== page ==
I’m sure everyone has had that moment where you come up with a really great comeback several minutes, or even hours, after a person has dissed you.
I call it the Pretty Woman moment.
It’s from that scene in the movie where Julie Roberts returns to the store and confronts the two women who refused to wait on her the day before because she was dressed like a hooker.
She shows them with her shopping bags that they made a huge mistake by not waiting her and emphasizes that they work on commission.
The scene is so great because everyone has at one point or another experienced a moment just like that where someone puts you down and makes you feel bad and you wish so badly that you could have stood up for yourself with some smart comeback.
Last week, I attended a work luncheon and sat at the same table as a PR rep from a certain nonprofit. When I heard her title, I knew that it was the job I had applied for more than two years ago. It was the job that I KNEW 100% I was going to get because I was so well-qualified for it, and because it was my DREAM job.
As I sat there, realizing that this woman held the job that I had so coveted just two years prior, her boss–the one who had interviewed me–came and sat down at our table too. She didn’t recognize me, and I avoided making eye contact.
But throughout the whole lunch I waited for my Pretty Woman moment.
I came up with quips that I could say like, “Thanks for not hiring me, I now make about $25,000 more than I would have had you given me the job, and I probably make more than you too” or “Yeah I now work at a company with lots of growing potential and did I mention that they’re paying for me to get my master’s?” or “I’m so glad you didn’t hire me because my job now is so much better than yours.”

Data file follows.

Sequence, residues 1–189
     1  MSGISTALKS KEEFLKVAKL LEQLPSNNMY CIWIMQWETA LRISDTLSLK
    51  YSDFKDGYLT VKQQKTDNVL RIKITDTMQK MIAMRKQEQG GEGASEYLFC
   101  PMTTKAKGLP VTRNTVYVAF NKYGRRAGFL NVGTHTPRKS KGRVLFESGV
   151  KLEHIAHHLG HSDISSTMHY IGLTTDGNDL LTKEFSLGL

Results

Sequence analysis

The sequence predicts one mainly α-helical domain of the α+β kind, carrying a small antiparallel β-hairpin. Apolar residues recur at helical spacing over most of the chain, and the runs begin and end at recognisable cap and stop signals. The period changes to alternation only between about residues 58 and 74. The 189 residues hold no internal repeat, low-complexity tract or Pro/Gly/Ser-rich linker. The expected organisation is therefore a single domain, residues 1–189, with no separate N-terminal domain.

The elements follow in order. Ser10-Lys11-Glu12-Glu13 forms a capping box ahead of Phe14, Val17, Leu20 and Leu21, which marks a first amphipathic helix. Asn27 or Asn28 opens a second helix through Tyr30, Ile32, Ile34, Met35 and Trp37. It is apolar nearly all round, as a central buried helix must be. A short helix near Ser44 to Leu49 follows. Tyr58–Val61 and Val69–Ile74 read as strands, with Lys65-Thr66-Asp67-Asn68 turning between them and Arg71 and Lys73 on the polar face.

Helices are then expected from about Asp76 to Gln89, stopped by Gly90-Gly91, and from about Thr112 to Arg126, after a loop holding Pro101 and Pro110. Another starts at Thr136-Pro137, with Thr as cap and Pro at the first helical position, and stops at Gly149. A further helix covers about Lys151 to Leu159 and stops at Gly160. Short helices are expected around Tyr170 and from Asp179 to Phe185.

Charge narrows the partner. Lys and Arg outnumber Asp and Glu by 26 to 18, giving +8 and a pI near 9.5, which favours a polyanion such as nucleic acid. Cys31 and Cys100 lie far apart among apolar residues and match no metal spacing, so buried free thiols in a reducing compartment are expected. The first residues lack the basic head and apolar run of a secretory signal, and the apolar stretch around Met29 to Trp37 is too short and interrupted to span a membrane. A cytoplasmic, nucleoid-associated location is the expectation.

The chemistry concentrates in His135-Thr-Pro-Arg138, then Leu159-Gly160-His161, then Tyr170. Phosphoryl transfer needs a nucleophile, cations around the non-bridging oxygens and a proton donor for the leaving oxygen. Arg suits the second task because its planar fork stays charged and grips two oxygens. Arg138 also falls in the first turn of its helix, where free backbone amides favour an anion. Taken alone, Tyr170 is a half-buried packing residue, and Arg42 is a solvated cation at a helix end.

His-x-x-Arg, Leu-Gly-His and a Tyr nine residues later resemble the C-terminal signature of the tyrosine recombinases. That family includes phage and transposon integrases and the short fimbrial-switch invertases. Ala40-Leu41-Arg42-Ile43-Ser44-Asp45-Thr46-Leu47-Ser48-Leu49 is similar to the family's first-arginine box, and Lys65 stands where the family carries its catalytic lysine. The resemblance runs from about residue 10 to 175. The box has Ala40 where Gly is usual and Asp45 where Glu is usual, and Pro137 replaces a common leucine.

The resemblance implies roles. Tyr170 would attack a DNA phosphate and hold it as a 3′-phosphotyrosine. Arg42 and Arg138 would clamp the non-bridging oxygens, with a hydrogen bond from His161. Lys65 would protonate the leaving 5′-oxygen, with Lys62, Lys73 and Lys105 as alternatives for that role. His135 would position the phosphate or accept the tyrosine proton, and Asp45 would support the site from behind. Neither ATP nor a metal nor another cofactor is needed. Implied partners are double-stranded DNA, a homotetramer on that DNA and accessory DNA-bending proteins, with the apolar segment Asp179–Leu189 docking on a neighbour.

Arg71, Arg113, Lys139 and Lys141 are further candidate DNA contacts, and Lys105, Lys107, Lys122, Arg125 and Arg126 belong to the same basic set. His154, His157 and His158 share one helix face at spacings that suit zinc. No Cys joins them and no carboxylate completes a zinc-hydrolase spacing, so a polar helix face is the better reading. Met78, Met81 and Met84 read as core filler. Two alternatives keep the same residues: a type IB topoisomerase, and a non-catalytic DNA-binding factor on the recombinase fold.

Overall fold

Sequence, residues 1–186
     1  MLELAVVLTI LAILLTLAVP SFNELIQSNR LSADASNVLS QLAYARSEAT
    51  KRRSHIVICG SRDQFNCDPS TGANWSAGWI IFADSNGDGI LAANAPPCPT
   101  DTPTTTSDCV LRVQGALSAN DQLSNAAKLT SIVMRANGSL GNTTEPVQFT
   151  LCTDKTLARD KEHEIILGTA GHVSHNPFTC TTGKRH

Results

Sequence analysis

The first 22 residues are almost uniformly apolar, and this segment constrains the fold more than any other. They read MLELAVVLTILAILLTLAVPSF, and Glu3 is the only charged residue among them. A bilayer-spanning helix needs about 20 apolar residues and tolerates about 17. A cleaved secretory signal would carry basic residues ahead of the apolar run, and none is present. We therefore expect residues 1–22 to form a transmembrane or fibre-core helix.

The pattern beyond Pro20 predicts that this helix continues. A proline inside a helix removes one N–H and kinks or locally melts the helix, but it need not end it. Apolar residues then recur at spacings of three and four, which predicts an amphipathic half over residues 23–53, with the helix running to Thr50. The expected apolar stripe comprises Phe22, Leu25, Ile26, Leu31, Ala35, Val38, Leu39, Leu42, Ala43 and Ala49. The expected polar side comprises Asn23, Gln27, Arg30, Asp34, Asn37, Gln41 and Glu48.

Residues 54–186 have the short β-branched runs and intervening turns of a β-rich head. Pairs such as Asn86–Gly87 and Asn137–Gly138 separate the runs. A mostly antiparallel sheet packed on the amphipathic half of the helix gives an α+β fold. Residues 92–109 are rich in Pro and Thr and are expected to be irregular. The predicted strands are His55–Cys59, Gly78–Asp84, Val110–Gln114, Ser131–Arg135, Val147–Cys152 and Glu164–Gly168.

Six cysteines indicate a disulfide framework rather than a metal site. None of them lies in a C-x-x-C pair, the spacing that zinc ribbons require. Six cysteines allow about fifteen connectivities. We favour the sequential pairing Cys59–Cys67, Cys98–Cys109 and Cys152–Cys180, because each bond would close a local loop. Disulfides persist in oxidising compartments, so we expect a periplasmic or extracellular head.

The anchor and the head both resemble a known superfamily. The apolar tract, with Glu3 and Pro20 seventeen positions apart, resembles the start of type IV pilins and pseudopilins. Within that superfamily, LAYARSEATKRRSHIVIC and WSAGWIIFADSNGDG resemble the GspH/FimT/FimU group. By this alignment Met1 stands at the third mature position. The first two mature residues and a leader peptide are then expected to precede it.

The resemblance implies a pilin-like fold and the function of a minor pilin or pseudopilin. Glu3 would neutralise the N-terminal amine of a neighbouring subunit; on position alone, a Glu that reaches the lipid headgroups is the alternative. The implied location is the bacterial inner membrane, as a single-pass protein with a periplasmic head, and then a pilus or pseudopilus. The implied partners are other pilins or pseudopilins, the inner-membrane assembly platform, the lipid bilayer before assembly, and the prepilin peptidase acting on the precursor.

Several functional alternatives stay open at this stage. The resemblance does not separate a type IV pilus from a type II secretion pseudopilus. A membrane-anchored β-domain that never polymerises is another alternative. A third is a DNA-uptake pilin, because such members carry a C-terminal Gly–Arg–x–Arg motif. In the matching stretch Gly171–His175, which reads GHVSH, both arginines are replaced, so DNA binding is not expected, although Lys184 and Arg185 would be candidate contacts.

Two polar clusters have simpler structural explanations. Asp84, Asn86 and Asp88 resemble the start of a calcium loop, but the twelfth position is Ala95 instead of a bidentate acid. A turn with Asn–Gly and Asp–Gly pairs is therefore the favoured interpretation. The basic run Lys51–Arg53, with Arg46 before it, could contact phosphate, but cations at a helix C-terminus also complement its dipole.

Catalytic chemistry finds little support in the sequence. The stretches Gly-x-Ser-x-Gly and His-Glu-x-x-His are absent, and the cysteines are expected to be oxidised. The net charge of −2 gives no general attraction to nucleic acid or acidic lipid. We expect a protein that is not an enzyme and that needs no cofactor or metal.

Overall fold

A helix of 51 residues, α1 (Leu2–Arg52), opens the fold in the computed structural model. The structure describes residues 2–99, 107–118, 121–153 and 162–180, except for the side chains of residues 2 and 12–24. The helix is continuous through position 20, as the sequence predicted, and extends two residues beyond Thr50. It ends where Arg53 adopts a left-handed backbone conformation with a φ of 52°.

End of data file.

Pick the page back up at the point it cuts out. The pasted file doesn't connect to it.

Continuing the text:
No matter what quip I came up with in my head, I knew they were all mean-spirited and unprofessional.
It sucks to be turned down and denied. This boss lady obviously though I didn’t have what it takes to work in that position and that made me mad because I knew I did. In every sense of the phrase, her loss was my gain.
Had I been accepted for that job, I would have had to take a paycut, and I know raises don’t come easily at nonprofits. And not just for the money reasons, but as the woman who did get my job was discussing her job–mailers, stuffing envelopes, etc–I realized how grateful I was to not have to do that kind of work on a daily basis.
I left the luncheon without saying anything. In my head, I had my Pretty Woman moment, and that was enough for me.
Have you ever had a Pretty Woman moment where you get to say something to someone who put you down?
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